Resin 12 was washed with DMF (3 mL×5 min×3) and with methylene chloride (3 mL×5 min×2), suspended in THF (1 mL), and stirred for 20 minutes at room temperature, and to the suspension was added TEA (120 μL), thiophenol (62 uL), and tin(II) chloride (30 mg). The resulting reaction mixture was allowed to stir for 6 h at room temperature, providing resin 13.

Resin 13 was washed with DMF (3 mL×5 mm×3) and methylene chloride (3 mL×5 min×2). Two successive iterations of LysU (40 mg×2) coupling were performed, affording resins 14 and 15, respectively, (FIG. 4 and FIG. 5) as described above for ArgU. The resin 15 was deprotected and cleaved from resin using 2% TIPS and 2% water in TFA (2 mL) for 6 h at room temperature. The reaction suspension was filtrated off, and the filtrate was evaporated under reduced pressure to provide a residue. The residue was dissolved in TFA (100 uL), and a crude product was precipitated by addition of ethyl ether (10 mL). HPLC purification using gradient elution (0.1% TFA/H2O; 0.1% TFA/CH3CN, 100; 0 to 0; 100) of the crude product afforded 3 mg of Compound DW as a white solid trimer: FAB/MS m/z 538 (M+Na)+.

7.4 SYNTHESIS OF COMPOUND AU

Compound AU was synthesized according to FIG. 3. In particular, 54 mg of rink amide MBHA resin, 4-(2′,4′-dimethoxyphenyl-Fmoc-aminomethyl)-phenoxyacetamido-norleucyl-methylbenzhydrylamine 11 (Calbiochem-Novabiochem Corp., La Jolla, Calif.), was washed with methylene chloride (3 mL×5 min×2) and suspended in 20% DMF in methylene chloride (2 mL). To the suspension was added HOBT (240 μL of 1M in NMP and (D)-LysCar monomer (0.12 mmol). The resulting mixture was allowed to stir for 20 minutes at room temperature, and then 1,3-diisopropyldicarboimide (“DIPDCI”) (0.06 mmol) was added. The resulting mixture was allowed to stir overnight at room temperature. The solvent was drained and the reaction resin was washed with DMF (10 mL×5 min×3) and methylene chloride (10 mL×5 min×2) and treated with 5% piperidine/DMF (2 mL) for 10 minutes at room temperature. The solvent was drained, and the resin was retreated with 5% piperidine/DMF (2 mL) for another 20 min at room temperature and washed extensively with DMF, methanol, and methylene chloride to provide resin 16.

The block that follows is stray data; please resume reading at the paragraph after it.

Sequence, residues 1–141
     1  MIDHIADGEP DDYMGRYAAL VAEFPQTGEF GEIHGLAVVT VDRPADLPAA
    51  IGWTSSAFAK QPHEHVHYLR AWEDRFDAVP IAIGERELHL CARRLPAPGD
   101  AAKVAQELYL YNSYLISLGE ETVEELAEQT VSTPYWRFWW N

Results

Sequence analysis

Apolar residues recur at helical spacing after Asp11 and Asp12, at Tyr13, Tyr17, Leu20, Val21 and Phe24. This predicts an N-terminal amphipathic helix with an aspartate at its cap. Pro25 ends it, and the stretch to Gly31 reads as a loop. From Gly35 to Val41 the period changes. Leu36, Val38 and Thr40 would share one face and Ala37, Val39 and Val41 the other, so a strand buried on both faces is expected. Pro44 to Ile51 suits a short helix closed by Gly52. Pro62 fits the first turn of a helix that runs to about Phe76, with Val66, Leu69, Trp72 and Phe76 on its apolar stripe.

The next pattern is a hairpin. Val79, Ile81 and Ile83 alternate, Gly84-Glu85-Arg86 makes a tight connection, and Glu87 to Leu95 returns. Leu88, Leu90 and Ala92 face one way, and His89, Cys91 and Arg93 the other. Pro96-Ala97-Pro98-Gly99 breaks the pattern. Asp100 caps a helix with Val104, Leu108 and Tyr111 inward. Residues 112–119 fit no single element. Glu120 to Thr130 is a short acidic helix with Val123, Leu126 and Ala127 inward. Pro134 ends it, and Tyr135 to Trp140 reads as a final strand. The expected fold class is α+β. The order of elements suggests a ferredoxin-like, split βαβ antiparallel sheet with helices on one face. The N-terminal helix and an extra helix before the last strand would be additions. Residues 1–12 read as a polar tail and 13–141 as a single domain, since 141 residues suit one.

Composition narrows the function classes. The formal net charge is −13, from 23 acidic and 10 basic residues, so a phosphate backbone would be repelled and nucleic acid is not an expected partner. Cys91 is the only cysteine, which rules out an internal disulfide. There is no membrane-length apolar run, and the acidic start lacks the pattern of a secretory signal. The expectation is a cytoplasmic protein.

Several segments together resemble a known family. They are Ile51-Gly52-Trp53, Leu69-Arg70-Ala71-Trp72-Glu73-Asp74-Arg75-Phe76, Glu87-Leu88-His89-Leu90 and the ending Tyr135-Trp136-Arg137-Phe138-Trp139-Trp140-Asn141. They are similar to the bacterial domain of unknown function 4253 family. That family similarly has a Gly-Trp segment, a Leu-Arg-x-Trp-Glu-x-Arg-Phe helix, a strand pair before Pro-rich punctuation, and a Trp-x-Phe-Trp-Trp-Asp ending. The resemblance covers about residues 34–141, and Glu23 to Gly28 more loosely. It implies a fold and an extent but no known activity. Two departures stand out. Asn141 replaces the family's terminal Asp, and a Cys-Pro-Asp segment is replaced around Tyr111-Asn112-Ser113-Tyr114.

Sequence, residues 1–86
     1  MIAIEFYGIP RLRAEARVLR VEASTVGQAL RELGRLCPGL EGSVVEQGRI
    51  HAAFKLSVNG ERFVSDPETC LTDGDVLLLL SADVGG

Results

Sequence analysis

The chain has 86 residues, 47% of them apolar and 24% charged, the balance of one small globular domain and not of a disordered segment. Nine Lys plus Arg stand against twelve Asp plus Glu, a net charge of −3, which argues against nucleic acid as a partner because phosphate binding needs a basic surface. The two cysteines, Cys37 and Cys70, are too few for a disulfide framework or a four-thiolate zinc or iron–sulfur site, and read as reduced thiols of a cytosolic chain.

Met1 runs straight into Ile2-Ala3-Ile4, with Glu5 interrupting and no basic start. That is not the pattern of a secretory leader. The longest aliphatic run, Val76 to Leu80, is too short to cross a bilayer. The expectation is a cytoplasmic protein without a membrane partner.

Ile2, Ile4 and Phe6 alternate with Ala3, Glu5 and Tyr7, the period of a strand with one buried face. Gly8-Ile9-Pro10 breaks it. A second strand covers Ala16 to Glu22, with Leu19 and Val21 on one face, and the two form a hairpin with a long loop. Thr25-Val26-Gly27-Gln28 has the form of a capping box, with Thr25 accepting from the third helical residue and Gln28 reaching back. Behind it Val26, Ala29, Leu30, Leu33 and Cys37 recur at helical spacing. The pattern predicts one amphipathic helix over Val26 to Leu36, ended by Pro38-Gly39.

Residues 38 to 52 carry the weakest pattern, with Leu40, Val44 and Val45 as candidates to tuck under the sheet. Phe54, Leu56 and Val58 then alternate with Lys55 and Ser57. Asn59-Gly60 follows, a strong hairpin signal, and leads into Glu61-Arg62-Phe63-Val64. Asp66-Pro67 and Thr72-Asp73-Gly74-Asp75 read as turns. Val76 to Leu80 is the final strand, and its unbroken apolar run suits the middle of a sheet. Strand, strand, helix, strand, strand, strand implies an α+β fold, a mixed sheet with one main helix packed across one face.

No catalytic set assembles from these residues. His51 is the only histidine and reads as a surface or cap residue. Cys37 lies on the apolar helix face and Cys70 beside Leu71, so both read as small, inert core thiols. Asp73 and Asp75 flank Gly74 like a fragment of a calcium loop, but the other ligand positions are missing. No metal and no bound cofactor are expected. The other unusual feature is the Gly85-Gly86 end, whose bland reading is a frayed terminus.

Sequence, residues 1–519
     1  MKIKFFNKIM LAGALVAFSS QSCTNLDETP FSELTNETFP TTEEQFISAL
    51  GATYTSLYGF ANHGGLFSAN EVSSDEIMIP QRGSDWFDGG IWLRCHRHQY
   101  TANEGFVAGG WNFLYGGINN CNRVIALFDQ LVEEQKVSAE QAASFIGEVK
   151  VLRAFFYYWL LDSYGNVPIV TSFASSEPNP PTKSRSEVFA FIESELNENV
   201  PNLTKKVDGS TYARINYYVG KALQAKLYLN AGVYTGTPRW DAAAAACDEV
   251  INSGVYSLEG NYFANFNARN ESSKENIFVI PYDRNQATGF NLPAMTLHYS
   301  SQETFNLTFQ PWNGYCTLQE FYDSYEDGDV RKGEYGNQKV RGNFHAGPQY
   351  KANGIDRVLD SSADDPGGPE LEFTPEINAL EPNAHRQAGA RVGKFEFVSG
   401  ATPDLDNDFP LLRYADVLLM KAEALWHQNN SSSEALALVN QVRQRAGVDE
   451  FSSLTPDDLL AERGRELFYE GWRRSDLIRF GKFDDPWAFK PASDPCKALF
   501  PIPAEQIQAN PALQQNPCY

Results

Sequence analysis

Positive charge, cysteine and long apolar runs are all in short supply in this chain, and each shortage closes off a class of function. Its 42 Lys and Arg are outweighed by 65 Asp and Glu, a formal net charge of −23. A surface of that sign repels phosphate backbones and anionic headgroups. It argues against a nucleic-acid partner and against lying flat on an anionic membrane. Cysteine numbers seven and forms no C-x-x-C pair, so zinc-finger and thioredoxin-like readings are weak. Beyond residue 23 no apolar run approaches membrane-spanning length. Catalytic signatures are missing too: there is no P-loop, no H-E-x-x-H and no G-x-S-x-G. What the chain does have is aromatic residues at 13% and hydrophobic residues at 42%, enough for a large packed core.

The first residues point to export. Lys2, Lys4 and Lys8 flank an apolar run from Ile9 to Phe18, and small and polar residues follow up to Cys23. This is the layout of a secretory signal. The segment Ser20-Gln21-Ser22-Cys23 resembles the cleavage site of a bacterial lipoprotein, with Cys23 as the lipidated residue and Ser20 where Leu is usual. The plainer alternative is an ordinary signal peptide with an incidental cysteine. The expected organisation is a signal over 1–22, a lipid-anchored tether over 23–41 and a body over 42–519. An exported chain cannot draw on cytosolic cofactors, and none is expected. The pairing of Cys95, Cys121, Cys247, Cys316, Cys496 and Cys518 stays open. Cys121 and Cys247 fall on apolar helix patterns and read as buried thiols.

Resin 16 was resuspended in 20% DMF in methylene chloride (2 mL), and then to the suspension was added HOBT (300 uL of 1M in NMP) and N-ε-(tert-butoxycarbonyl)-L-lysine (0.3 mmol). The resulting mixture was allowed to stir for 20 minutes at room temperature, and then DIPDCI (0.06 mmol) was added. The resulting mixture was allowed to stir overnight at room temperature. The solvents were drained, and the resin was washed with DMF (10 mL×5 mm×3) and methylene chloride (10 mL×5 min×2) and treated with 2 mL of 5% piperidine/DMF for 10 min at room temperature. The solvent was drained, and the resin was retreated with 5% piperidine/DMF (2 mL) for another 20 min at room temperature and washed extensively with DMF, methanol, and methylene chloride to provide resin 17.